Sun, Nov 30, 2003 - Page 11 News List

Broadband availability pushes piracy into hyperdrive

REUTERS , JOHOR BAHRU, MALAYSIA

A handwritten sign at the entrance to a tiny shop in southern Malaysia's busiest city sums up the music industry's colossal problems in Asia.

"1 CD for 7 ringgit," it beams in bright blue ink. This sum is equivalent to US$1.80.

As two policemen direct traffic just yards away, the shop's teenage manager brags of even better bargains, running a hand along makeshift shelves lined with hundreds of compilations -- from pop princess Britney Spears to Taiwanese idol Jay Chou.

It is just one of a dozen shops brazenly selling knockoff pop music CDs and DVD bootlegs of Hollywood films in a single neighborhood in Johor Bahru, only a few minutes' drive from Singapore -- and one of thousands scattered across Asia.

But as Washington presses Asia to curb the sophisticated piracy syndicates equipped with CD-burning technologies and stacks of blank discs that supply the shops, a bigger battle is brewing online against Web pirates in the fast-growing region.

The rollout of high-speed broadband Internet in India, China and Indonesia, three of the world's most populated countries, could expand the number of people downloading free music off the Web by millions a month.

To fight back, labels are releasing more hits to fee-based online music services in Asia, accelerating growth in an embryonic industry now dominated by just two companies -- Soundbuzz.Com and Sony Corp's Planet MG.

"The digital music medium is coming of age in Asia," said Sudhanshu Sarronwala, 38-year-old chief of Singapore-based Soundbuzz and former managing director of MTV Networks Asia.

Four-year-old Soundbuzz has licensing agreements with 65 record labels in the region and operates in 12 Asian markets in eight languages -- from Chinese and Korean and Japanese to the Bahasa languages of Indonesia and Malaysia.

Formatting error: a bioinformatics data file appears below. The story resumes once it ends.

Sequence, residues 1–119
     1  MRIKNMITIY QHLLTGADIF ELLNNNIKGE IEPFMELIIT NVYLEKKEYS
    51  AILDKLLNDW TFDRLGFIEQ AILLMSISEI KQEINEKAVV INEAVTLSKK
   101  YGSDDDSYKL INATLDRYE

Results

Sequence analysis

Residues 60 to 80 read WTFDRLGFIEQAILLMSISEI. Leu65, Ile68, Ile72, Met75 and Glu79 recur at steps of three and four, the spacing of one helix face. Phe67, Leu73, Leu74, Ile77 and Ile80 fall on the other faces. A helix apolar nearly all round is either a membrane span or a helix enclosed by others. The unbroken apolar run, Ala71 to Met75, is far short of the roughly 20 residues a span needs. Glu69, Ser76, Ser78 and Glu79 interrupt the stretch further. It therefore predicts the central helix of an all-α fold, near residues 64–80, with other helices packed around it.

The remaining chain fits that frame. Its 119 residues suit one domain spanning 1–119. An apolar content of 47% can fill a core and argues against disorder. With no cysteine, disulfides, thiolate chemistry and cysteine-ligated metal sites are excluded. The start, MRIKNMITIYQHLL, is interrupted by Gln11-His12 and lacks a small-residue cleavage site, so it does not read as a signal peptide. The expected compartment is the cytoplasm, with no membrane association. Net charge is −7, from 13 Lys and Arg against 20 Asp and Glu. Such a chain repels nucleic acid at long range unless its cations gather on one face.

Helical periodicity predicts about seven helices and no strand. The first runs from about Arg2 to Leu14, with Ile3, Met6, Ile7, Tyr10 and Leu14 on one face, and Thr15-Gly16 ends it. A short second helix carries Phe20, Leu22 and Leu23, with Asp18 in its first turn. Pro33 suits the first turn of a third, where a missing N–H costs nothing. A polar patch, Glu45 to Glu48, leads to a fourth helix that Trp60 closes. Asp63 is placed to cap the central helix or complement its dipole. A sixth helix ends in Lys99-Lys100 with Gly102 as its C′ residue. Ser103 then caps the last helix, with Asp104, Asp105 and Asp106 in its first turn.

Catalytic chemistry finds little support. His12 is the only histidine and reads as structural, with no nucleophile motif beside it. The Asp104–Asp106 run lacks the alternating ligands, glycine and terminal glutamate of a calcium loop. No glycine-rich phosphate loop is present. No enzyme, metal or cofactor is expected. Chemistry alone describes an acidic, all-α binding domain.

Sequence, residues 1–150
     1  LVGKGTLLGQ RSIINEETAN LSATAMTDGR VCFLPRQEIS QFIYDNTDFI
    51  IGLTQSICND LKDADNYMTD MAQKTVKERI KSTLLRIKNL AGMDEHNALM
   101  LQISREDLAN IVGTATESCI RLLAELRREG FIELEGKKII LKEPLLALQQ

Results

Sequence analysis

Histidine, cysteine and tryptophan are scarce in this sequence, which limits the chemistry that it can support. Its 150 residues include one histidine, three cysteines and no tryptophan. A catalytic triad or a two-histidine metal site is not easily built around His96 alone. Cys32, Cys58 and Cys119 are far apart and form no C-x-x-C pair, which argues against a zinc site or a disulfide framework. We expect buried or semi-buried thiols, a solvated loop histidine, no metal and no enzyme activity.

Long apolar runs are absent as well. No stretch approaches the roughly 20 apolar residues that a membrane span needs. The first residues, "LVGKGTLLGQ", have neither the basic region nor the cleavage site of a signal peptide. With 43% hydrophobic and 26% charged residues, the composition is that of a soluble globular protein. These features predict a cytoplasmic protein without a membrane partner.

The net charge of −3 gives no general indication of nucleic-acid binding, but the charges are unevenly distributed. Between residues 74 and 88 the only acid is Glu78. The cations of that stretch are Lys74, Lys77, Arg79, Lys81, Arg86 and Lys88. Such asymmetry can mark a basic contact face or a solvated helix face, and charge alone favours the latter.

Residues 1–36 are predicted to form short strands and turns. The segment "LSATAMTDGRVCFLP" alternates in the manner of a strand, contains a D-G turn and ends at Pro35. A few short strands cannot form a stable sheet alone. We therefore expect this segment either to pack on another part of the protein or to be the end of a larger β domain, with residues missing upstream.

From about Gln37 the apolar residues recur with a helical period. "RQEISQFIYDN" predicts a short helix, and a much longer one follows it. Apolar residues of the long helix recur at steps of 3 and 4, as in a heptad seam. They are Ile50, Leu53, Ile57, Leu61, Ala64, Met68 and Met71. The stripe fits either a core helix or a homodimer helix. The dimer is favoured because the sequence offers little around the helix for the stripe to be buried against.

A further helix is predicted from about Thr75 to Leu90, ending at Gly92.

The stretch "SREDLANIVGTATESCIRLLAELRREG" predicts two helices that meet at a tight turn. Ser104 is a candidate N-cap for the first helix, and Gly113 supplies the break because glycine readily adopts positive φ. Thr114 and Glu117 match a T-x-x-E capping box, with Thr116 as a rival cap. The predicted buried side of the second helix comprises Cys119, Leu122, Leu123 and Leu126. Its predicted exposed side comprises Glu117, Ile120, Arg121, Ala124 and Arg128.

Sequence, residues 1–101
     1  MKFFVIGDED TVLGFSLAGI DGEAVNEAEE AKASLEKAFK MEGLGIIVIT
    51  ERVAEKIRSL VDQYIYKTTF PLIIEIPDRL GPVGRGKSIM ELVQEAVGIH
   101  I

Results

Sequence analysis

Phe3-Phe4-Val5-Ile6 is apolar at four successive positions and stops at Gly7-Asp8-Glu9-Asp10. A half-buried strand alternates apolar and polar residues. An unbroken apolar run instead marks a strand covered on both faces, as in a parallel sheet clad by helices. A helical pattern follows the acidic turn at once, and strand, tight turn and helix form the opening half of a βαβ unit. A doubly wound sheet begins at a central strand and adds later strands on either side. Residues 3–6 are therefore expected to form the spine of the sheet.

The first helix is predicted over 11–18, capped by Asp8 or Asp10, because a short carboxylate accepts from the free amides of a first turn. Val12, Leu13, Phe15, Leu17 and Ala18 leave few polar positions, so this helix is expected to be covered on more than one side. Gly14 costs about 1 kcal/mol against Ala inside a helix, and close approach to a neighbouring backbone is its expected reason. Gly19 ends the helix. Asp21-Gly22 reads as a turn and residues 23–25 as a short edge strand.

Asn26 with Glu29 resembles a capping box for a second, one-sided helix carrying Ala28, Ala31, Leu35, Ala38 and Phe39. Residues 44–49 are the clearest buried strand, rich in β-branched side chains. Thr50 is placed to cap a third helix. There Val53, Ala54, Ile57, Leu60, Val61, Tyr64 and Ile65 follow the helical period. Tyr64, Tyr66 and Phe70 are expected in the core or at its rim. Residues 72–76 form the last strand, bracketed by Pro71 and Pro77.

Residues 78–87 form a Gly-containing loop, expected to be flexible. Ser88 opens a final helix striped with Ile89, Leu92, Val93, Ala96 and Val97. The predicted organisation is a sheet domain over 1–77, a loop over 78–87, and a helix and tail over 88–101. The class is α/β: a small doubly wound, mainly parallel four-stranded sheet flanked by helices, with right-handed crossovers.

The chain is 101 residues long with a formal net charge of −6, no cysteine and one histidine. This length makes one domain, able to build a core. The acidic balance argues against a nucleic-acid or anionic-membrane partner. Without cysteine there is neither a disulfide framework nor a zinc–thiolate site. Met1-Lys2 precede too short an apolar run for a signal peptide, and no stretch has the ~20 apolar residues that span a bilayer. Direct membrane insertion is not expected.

Its clients include Web portals run by Microsoft Corp's MSN and Yahoo Inc. "We build the storefront look and feel for the client," said Sarronwala.

Asia was once prized by record labels including Time Warner Inc's Warner Music Group, EMI Group Plc, Universal Music and Bertelsmann unit BMG for its potential for growth as US and European markets mature.

Instead, recorded music sales in Asia are sliding faster than in the US and Europe, the International Federation of the Phonographic Industry (IFPI) says.

Asian music sales slid 13 percent in the first half of the year to US$2.59 billion, a fifth of the world's total, outpacing a fall of 10.9 percent globally. South Korea's fall of 23.1 percent was the worst, followed by Taiwan's 21 percent and Japan's 13.5 percent -- Asia's three biggest music markets.

In Taiwan, which accounts for 80 percent of Mandarin language music sales worldwide, around half of all music sold in the past two years was pirated, while nine of every 10 recordings in China are fakes.

Analysts say growth in legal music download sites in Asia's vast, upwardly mobile markets, in tandem with broadband Internet, could help stabilise the world music industry.

But whether paying sites take off depends on how quickly so-called peer-to-peer networks such as Grokster and KaZaa -- where surfers can download an entire 10-track album in 15 minutes -- are shut, said Simon Dyson, senior analyst at Informa Media.

"If they don't get that control, and broadband increases, then you can see music sales going right down," said Dyson.

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